Digital Ag Research & Technology
UC ANR, UC Davis, Tule Technologies
Research programs based on decision support tools create modeling frameworks around real-world scenarios. For example, combining multiple data feeds can offer the most effective recommendations for on-farm management at the field or site-specific level. Efficiencies can also be introduced through robotic devices that maximize harvesting rates for laborers.
There is a balance between historic breeding solutions and current engineering solutions (and requisite training); in orchards, high-volume yields are difficult to mechanically harvest, or require manicuring of trees to accommodate technological applications. Few engineering solutions fully address the challenge. Further, the overabundance of on-farm big data requires algorithmic fine-tuning. The analysis software must ensure quality data to effectively aid management decision-making. Universities have a role in helping to identify those skills required for students to move into this new entrepreneurial landscape. Good investor decisions should also be guided by the science that universities can provide, as well as farmer consultation early in technology development. There is a unique pairing opportunity between companies seeking to address an ag problem, and academics working on solutions. However, this typically needs to be undertaken across the food system, and involves complex interdisciplinary methods and issues, as well as necessary workforce training.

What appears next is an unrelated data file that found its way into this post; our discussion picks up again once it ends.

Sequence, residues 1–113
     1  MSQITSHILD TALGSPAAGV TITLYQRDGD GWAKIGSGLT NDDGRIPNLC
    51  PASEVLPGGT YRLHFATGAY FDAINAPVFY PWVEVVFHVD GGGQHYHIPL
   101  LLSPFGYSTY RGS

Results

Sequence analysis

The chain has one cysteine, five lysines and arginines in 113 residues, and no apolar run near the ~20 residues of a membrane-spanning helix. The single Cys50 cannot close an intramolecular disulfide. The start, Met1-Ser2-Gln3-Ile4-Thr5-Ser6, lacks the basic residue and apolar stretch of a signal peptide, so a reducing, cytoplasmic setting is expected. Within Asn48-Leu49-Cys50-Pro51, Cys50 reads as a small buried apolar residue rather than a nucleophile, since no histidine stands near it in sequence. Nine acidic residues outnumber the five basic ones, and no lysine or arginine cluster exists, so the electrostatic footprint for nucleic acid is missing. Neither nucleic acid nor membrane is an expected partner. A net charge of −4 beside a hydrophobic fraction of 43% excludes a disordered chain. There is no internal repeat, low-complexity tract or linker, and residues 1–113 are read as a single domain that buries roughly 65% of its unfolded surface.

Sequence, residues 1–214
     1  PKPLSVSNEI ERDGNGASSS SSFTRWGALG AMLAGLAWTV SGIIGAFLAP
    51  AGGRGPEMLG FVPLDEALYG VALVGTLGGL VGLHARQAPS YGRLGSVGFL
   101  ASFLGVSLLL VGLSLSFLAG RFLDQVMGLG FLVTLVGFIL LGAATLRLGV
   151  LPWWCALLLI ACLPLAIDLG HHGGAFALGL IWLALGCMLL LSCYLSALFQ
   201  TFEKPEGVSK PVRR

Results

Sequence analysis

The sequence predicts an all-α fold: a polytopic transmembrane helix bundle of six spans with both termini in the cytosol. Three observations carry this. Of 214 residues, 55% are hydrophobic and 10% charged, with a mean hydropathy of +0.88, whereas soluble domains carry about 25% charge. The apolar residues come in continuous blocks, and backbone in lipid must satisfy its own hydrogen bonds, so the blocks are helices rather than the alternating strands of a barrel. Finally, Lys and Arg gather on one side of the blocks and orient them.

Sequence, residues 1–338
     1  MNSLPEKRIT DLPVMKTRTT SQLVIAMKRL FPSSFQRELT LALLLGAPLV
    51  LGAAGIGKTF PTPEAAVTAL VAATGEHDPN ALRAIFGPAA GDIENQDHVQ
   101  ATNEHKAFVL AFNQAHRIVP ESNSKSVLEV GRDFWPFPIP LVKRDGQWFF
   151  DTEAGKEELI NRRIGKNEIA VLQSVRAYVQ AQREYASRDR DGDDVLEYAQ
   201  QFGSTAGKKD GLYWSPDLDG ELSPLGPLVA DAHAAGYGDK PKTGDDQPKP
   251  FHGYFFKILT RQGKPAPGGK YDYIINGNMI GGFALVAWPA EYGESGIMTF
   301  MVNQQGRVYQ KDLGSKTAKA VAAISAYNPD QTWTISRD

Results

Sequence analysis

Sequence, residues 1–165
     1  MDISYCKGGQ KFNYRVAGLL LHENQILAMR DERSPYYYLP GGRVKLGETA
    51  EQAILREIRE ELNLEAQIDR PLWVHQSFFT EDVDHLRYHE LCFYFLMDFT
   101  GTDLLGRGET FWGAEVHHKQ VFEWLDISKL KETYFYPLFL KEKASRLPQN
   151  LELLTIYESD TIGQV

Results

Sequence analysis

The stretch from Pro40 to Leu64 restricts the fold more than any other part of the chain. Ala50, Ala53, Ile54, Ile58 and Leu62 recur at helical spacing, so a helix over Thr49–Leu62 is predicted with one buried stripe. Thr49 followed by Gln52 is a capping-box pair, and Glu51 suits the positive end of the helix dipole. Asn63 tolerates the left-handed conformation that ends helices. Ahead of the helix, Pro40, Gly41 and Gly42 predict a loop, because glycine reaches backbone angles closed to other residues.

Growing and Funding Innovation in Ag
Better Foods Ventures, SVG Partners, Acre Ventures, Wells Fargo
Investors need to focus on innovations that ‘makes sense’. That is, those that reduce industry and market risk. But with so many innovators in ag, have we reached a saturation point? The irony of technological disruption is that it is often the target of activism, which ultimately acts to reduce innovation to mere product iteration. In taking technology to the marketplace, significant business support is required, assuming the technology’s value proposition looks promising. Investors could benefit from engaging with universities to provide data in support of market positions, such as authenticating claims for the nutritional benefits of a new product. However, academia needs to be buffered from direct market pressures in order to advance truly disruptive technologies.
University time horizons do not match well with those of investors, who require IP to be fast-tracked out of the academic innovation system. Here, accelerators can offer more efficient outcomes. Ag investors are typically drawn to the triple bottom line of financial, social and strategic solutions, rather than the characteristically shorter investment timelines. More recently, unique investment partnerships have emerged from greater interest in pre-revenue conversations. Typically, only fundamental changes have drawn investor interest, which can be applied across the system (e.g., genetic or breeding improvements). However, the new era of agtech embraces disruption over incrementalism.